Conservation Volunteers—20–24 October 2014
This week we had a great team of Conservation Volunteers help us with a variety of maintenance tasks around CUE Haven.
The group arrived on Monday morning and included Alex, Anna, Carina, Catherine, Fabienne, Julia, Lea N., Lea S., Pascal, and Tiphaine Participants represented Germany, France, Switzerland and the UK. The team leader was Bruce Eade from New Zealand. It was great seeing Bruce again as he has brought CVNZ teams out to CUE Haven several times.
We got acquainted over morning tea and then Mahrukh gave a welcome and introduction to the CUE Haven project and Tom gave a brief overview of the work planned for the week.
The primary task that the team worked on was walking track maintenance, and there were lots of different jobs to do. The first involved clearing away vegetation that had grown on or over the track over the winter.
Next there was a section of track that many visitors found difficult to negotiate. It involved some steep steps with sharp corners. We asked the team to study the area and see if they could come up with an alternative arrangement that would be easier to walk over. They decided to replace an entire section of the steps with a long ramp that would have only a few gentle steps.
It was a complicated job. First they had to bring up the materials they would need.
Then up at the site they had to take out the old steps and retaining walls, build a frame for the ramp and put in new steps.
The result is much neater, safer and easier to use.
Another challenge was a section of the boardwalk where several steps were flooded over. The team dug out the problem steps, improved the drainage and built an additional boardwalk section over a particularly wet section.
The result is a great improvement that will make the boardwalk safe to use year round and will ensure that visitors don’t get wet feet.
Julia hurt her ankle and gave it a rest for a day, but she continued to help out by potting up some karamu seedlings that the team had found growing too close to the track. They will be kept in the nursery until next spring when they should be big enough to be planted out in the field.
Another big job the team handled was some general clean up and weeding. The biggest issue was some large gorse infestations. Gorse is an invasive weed and a nasty bush with lots of thorns. It’s also a good idea to get rid of it now because the seeds produced by the flowers can live for a long time and that makes gorse very difficult to get rid of.
The team went out to the gorse areas and cut it back and sprayed the stumps with weed killer to prevent the bushes from growing back. It was a difficult job but very important to the restoration project.
They also cleaned up and weeded the area by the front gate.
And walked the boundary fence and cleared the vegetation on the fence and on the electric hot wire to ensure that the hot wire is operating at maximum capacity and prevents the neighbours’ cows from paying us a visit.
There were two benches along the walking track that were rather high for our younger visitors, so the team cut off some of the support posts to make the benches lower and also relocated another bench to a steep part of the track so visitors could take a rest after climbing up.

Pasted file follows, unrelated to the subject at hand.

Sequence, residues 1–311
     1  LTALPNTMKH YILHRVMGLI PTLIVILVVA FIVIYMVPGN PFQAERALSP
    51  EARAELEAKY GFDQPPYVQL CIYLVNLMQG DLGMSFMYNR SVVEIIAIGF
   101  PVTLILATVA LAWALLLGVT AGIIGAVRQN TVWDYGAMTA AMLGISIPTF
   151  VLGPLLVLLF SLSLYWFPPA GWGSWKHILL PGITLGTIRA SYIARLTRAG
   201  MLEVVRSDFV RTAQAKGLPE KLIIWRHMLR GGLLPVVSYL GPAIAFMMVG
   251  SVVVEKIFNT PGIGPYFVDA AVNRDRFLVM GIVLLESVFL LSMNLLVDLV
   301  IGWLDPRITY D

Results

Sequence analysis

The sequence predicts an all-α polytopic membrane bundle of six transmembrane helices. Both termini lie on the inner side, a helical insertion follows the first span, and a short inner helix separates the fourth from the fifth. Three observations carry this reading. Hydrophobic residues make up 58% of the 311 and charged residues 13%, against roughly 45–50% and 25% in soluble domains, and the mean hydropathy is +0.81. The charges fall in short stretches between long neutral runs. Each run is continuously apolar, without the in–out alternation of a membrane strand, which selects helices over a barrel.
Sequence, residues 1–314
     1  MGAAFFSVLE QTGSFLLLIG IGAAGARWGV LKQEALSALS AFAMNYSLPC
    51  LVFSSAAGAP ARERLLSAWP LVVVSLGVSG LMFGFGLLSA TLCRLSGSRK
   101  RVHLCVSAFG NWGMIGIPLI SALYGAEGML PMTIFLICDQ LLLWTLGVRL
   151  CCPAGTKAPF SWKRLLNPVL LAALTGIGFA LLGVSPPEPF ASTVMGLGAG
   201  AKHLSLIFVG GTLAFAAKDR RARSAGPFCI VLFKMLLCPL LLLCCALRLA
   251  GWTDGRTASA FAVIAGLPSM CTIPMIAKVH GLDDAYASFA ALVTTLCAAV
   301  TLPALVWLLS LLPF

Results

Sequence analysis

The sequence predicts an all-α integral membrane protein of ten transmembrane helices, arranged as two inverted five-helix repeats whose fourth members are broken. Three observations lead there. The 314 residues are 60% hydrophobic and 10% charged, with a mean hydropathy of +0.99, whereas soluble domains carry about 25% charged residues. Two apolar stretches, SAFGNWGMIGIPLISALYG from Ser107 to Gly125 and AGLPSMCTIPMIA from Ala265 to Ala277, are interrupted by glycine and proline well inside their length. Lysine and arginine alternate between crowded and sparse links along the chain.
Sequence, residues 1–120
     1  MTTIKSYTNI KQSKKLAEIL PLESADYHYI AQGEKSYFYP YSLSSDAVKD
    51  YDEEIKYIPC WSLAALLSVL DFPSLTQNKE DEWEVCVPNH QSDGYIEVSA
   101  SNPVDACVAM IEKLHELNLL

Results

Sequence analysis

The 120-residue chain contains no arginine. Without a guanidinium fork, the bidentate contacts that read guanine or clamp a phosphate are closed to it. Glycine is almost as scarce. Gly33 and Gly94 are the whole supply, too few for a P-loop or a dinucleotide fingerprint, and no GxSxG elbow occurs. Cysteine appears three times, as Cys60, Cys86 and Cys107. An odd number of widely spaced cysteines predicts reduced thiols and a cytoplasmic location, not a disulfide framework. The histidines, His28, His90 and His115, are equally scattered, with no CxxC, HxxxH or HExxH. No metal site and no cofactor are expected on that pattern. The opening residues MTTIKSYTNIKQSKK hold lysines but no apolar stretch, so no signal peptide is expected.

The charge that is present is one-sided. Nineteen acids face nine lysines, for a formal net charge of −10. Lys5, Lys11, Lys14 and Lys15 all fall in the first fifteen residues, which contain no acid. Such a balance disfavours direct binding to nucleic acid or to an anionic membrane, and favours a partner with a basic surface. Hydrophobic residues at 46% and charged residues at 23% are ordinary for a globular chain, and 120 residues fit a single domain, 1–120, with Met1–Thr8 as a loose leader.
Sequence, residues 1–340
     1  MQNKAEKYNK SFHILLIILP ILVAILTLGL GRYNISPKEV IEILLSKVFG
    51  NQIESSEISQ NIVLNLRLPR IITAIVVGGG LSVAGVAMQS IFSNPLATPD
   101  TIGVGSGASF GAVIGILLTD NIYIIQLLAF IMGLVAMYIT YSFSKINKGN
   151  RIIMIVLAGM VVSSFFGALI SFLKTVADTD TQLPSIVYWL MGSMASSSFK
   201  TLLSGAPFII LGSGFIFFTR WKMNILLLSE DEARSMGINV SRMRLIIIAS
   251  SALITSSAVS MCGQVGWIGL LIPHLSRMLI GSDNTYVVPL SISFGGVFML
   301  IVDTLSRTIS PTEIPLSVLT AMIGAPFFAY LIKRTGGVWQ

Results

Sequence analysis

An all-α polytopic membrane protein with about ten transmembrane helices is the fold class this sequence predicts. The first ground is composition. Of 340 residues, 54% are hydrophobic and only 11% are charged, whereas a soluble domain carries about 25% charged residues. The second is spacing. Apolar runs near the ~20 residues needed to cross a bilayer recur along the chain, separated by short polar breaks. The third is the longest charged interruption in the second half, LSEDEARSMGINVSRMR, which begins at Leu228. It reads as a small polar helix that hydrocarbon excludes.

The hard working team even took their breaks in the field. And the iced Peach and Lemon Nestea generously sponsored by Nestle NZ was much appreciated by the volunteers. Thanks Nestle!
On Tuesday and Wednesday we had two school groups out for day visits. The students would be working in the nursery and so on Monday the team helped us get the nursery cleaned up, organised and ready for the students.
During the school visit on Wednesday, some of the team members participated in the learning sessions on water care and learned about how human activity such as commercial and residential development and farming and forestry affect waterways, how to test for water quality and how to identify the macroinvertebrates living in ponds and streams.
The team made a major contribution to our project by helping out with the maintenance tasks but they also made their own unique contribution to the project. Our planned project for this summer is to put in a new walking track that will allow visitors to explore the stream gully from the other side. The planned track had been marked out and the team went through with spades and rakes and loppers and cleared most of the track. It is now ready for other teams to bench and finish off the track and the team’s work will make the project much easier.
Despite the hard work, the team was always smiling and cheerful and before they left on Friday we presented our new friends with CUE Haven friendship bracelets.
We’d like to thank Conservation Volunteers NZ for making the team available this week and many thanks to the anonymous corporate benefactor who sponsored the visit.
And a very big THANK YOU to Bruce and the team. We really enjoyed working with you all. You accomplished a lot and have made a major contribution to CUE Haven. Bruce, thanks for your leadership and advice, and we look forward to having you back with another team.
We wish the overseas team members a great stay in New Zealand, a safe trip home and all the best in your future endeavours. We hope you will come back to see us on your next visit to New Zealand. Thanks again!